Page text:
A profile obtained over the south polar cap is included in Fig. 2. The most outstanding feature is the pronounced temperature inversion, which is responsible for the fact that the CO2 bands are seen partly in emission as in the polar spectrum shown in Fig. 1b. Surface pressure estimates are not yet available in this region, but the basic behavior of the profile was essentially unaffected as the surface pressure varied from 5 to 20 mb. Only the profile obtained with a surface pressure of 10 mb is shown. Figure 3 shows isotherms for a vertical cross section along a single scan pass down onto the cap and back off the cap again. The lower part of the diagram is uncertain because of the neglect of dust in the analysis and lack of knowledge of the surface pressure. The cross section shows a highly localized region of warm air at approximately 1 to 2 mb in the vicinity of the cap. The substantial solar illumination during the south polar summer, the reflection of solar energy by the cap, and atmospheric dynamical effects are all possible mechanisms that could produce this effect.



The polar spectra also shows rotational lines of H2O vapor in the region between 200 and 350 cm-1. This portion of the IRIS spectrum from Fig. 1B has been expanded in Fig. 4. Consistent with atmospheric temperatures warmer than surface temperatures, the H2O vapor lines appear in emission. Also shown in Fig. 4 is a synthetic slant path spectrum composed by the use of the two-surface temperature model described above. The excellent spectral correspondence of atmospheric H2O vapor in the south polar region. Spectral features of H2O vapor appear more weakly over other regions of the planet. Possible reasons for the fact that H2O vapor is not more prominent there may be sought in the near-isothermal nature of the temperature profiles, the shielding effect of the dust, or possibly a lower H2O vapor concentration away from the south pole.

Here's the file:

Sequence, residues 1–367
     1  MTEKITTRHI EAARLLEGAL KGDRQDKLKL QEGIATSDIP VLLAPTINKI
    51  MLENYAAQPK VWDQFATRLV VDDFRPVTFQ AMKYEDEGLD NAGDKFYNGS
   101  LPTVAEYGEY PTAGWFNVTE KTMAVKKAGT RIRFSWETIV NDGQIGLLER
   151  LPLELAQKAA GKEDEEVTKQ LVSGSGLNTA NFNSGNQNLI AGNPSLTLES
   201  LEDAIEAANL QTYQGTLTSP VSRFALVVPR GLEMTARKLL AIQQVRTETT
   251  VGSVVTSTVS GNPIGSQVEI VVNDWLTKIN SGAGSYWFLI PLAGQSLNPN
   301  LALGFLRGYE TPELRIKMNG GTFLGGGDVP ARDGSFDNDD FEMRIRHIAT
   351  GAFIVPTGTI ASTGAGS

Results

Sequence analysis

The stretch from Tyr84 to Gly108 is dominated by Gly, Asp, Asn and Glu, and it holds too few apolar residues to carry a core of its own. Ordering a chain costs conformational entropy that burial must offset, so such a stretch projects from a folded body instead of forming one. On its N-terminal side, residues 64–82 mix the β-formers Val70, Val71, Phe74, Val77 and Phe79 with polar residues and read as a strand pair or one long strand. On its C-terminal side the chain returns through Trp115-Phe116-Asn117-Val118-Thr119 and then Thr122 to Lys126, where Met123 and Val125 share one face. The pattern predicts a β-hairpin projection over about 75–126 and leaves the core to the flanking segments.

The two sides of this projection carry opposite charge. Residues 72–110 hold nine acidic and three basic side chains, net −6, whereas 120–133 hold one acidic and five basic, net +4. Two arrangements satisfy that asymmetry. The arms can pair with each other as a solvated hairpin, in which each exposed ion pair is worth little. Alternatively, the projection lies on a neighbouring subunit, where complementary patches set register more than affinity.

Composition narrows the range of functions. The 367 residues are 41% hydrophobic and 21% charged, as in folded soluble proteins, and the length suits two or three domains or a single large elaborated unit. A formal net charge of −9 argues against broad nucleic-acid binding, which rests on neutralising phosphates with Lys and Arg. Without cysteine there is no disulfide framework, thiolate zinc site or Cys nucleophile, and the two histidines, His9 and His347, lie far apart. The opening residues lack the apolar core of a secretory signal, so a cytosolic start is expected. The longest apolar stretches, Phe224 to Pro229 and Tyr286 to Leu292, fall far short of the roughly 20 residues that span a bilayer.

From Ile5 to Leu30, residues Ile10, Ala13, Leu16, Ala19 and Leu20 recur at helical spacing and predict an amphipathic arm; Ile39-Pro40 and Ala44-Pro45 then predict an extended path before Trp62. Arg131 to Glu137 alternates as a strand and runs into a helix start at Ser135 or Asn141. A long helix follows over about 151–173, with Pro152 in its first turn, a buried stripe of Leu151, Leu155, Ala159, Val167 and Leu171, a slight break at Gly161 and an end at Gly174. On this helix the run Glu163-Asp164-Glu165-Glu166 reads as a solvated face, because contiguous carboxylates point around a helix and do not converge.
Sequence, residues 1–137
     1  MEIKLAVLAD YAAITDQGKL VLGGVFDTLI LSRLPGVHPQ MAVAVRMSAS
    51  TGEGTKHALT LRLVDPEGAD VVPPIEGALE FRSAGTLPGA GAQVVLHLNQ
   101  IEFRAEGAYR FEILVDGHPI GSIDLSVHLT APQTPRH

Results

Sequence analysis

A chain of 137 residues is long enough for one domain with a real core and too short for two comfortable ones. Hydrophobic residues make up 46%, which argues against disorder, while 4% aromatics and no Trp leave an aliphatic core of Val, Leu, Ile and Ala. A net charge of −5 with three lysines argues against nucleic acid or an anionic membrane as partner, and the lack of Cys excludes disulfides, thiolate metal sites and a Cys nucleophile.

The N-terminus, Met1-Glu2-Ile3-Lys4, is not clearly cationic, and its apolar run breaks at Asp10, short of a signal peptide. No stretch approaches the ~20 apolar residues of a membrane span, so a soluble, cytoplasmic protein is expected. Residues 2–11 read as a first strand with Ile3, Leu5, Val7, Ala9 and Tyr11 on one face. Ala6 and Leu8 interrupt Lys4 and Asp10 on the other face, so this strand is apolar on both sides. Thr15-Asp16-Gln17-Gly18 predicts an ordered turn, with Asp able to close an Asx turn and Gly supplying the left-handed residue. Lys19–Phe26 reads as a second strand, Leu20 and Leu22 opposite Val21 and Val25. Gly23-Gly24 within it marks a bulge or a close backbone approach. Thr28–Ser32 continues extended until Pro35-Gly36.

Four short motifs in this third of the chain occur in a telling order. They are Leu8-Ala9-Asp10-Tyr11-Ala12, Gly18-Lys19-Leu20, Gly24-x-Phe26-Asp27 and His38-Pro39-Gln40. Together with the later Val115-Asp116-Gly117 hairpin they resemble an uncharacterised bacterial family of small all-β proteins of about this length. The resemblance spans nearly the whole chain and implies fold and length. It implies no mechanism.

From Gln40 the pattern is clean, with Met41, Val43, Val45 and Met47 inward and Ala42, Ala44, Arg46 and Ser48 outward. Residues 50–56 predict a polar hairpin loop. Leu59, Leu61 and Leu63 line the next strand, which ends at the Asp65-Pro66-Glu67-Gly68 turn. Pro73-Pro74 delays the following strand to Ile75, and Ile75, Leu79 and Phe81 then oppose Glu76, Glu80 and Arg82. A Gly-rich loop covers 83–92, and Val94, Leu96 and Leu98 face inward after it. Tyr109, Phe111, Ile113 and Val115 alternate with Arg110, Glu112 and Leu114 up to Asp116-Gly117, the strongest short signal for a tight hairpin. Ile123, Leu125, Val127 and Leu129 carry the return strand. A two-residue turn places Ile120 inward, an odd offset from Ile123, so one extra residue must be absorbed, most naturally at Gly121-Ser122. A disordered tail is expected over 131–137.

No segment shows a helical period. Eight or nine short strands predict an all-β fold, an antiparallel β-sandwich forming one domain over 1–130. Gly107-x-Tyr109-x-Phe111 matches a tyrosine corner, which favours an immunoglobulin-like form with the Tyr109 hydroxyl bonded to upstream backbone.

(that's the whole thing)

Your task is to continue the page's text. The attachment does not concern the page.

Laboratory for Planetary Atmospheres, Goddard Space Flight Center,

Greenbelt, Maryland 20771



Biospherics Incorporated, Rockville, Maryland 20853


References and Notes


1.     R.A. Hanel, B.J. Conrath, W.A. Hovis, V.G. Kunde, P.D. Lowman, C. Prabhakara, B. Schlachman, G.V. Levin, Icarus 12, 48 (1970).

2.     B.J. Conrath et al., J. Geophys. Res. 75, 5831 (1970).

3.     R.J.P. Lyon, Nat. Aeronaut. Space Admin. Tech. Note D-1871 (1964); Nat. Aeronaut. Space Admin. Contract Rep. CR-100 (1964).

4.     W.A. Hovis, Appl. Opt. 5, 245 (1966).

5.     J.R. Aronson, A.G. Emalie, R.V. Allen, H.G. McLinder, J. Geophys. Res. 72, 687 (1967).

6.     J.W. Salisbury, R.K. Vincent, L.M. Logan, G.R. Hunt, ibid 75, 2671 (1970).

7.     J.E. Conel, ibid 74, 1614 (1969).

8.     T.C. Hands and D.L. Anderson, Phys. Earth Planet. Inter. 2, 19 (1969); A.E. Ringwood and S.P. Clark, Nature 234, 89 (1971).

9.     P.D. Lowman Jr., J. Geol., in press.

10.   R.B. Leighton and B.C. Murray, Science 153, 136 (1966); G. Neugebauer, G. Münch, H. Kieffer, S.C. Chase, E. Miner, Astron. J. 76, 719 (1971); K.C. Herr and G.C. Pimental, in “Mariner Mars 1969: A Preliminary Report” (National Aeronautics and Space Administration, Washington, D.C., 1969), p. 83.

11.   C.W. Hord, Icarus, in press.

12.   G.H. Pettengill, A.E.E. Rogers, I.I. Shapiro, Science 174, 1321 (1971).

13.   P. Gierasch and R. Goody, Planet. Space Sci. 16, 615 (1968).

14.   S.I. Fasool and R.W. Stewart, J. Atmos. Sci. 28, 869 (1971); A.J. Kilore, G. Fjeldbo, B.L. Seidel, in Space Research XI (Akade-mie-Verlag, Berlin, 1971), p. 165.

15.   The following people contributed substantially to the success of the Mariner 9 IRIS experiment: D. Crosby, R. Gerace, W. Maguire, W. Miller, L. Purves, and N. Spencer of the Goddard Space Flight Center; T. Burke, H. Eyerly, and J. Taylor of the Jet Propulsion Laboratory; E. Breihan, R. Bywaters, D. Rodgers, D. Vanous, and L. Watson of Texas Instruments, Inc.; W. Andrews, R. Bevacqua, and R. Long of Consultants and Designers, Inc.; and P. Straat of Biospherics Incorporated.


27 December 1971